Syrian Women Should be at the Forefront of Building Peace
Over seven years of civil war has made the Syrian conflict one of the worst in modern history. Nearly 13.1 million lives have been permanently affected by the war. Those who have remained inside of Syria, including the 6 million displaced from their homes, are faced with a mountain of challenges. Syrian women, in particular, have been advocating for ways to navigate the challenges, but their efforts must be supported with access to peace negotiations.
Despite the fact that UN-led peace talks began in 2012, a women’s advisory board was not introduced until 2016. Furthermore, during the Geneva talks of 2017, women only comprised 15 percent of the opposition and government delegations.
In a reversal of this trend, Russia, Turkey, and Iran made an agreement for women’s participation in the constitutional committee. During the Sochi negotiations, the three countries committed to making the decision-making structures of the political settlement at least 30 percent women. This commitment was not made with empty reasoning, but with an acknowledgement of the benefits women bring to conflict settlement.
Between 1992 and 2011, only 9 percent of negotiators in peace processes were women. This number is staggering because research has shown that women’s inclusion in peace processes decreases the likelihood that conflict will arise again. With women at the forefront, the resulting agreements of peace processes are 64 percent less likely to fail and 35 percent more likely to last a minimum of 15 years.
In addition, ensuring that women have a seat at negotiation tables helps to broaden social participation and anchor social contracts. The lack of political representation of women means that there is a risk their specific threats will not be accounted for in the peace process. One such threat is the prevalence of gender-based violence.
A recent phenomenon of gender-based violence has occured at the hands of aid workers. Reports have revealed that workers delivering aid on behalf of the UN and other international organizations have sexually exploited women seeking aid. Although warnings about this type of abuse were given three years ago, the practices have continued in the south of the country and created a stigma around receiving aid at distribution centers.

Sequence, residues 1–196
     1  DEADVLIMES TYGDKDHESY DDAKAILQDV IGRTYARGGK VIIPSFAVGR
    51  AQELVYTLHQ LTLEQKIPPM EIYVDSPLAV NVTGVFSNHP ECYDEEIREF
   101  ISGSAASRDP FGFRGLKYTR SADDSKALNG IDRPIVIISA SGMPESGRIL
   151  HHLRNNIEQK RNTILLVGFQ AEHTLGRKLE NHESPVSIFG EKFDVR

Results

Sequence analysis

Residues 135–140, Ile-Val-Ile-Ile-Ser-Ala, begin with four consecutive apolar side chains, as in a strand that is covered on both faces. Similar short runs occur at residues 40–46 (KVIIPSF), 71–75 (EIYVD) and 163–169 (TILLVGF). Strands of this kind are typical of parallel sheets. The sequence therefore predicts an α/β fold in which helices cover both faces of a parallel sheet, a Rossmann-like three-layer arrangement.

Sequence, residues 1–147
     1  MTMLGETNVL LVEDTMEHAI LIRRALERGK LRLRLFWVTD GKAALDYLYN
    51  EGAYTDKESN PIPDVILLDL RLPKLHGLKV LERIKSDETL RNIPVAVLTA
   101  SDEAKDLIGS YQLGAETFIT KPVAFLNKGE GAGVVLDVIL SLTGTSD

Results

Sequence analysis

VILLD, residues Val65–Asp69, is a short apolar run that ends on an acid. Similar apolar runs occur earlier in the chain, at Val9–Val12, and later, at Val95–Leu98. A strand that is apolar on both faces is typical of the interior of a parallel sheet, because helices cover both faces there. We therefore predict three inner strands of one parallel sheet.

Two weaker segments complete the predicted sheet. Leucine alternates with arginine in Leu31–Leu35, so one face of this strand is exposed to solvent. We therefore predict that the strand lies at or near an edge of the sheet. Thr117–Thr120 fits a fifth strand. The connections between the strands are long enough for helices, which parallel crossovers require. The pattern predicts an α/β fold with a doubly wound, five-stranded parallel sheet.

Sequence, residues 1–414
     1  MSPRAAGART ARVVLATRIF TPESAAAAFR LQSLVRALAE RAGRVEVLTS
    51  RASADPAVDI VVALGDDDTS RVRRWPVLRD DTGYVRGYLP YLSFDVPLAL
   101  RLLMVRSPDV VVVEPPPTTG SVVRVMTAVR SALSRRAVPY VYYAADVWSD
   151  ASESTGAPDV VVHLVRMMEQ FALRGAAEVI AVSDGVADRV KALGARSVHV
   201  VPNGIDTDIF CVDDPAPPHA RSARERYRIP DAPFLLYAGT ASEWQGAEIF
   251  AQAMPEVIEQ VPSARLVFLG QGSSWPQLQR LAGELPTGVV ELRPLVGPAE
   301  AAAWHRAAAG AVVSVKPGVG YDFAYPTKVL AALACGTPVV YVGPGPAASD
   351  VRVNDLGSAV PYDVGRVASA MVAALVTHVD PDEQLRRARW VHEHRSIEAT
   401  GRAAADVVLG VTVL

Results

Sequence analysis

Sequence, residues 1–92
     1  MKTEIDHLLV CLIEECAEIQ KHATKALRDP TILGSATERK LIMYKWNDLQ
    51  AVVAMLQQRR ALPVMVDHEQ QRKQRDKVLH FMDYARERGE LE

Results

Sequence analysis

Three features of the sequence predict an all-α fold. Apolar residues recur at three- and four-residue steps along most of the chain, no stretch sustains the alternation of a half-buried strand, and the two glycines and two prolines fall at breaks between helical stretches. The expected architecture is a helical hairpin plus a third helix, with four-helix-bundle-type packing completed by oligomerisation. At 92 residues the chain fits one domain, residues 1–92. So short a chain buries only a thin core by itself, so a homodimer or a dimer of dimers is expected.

Women who escape abusive situations and seek refuge at camps or shelters do not see their conditions make any significant improvements. Overcrowding has placed a strain on many of the shelters. A lack of resources has also made living in camps difficult, as many go without sufficient lighting, washing facilities, and latrines. Camps are faced with the same issues as shelters. Upon arrival, women find it difficult to access basic resources and services, especially reproductive healthcare.
Sustained attacks on medical facilities and personnel have made hospitals among the most dangerous places in the country. These attacks have not only destroyed the country’s health infrastructure, but have left certain fields of healthcare understaffed, including sexual, reproductive, and mental healthcare. Education is another sector where women have had to overcome significant hurdles. While comparative enrollment data is not available for boys and girls, studies on conflict zones have shown that girls are more than twice as likely to be out of school than boys.
Despite all of these threats and their lack of representation on the international field, Syrian women have made significant gains in local peace efforts. Some of their most successful endeavors has included developing cease-fires, documenting violations of human rights, and establishing local political councils. Syrian women have also been at the forefront of development work. They have taken leading roles in launching local relief efforts and distributing humanitarian aid.
While these peace efforts are important, they should not be confined to the local level. If the world’s leaders are serious about building sustainable peace and diminishing the likelihood of conflict arising again, Syrian women must be the drivers of their own peace – locally and beyond.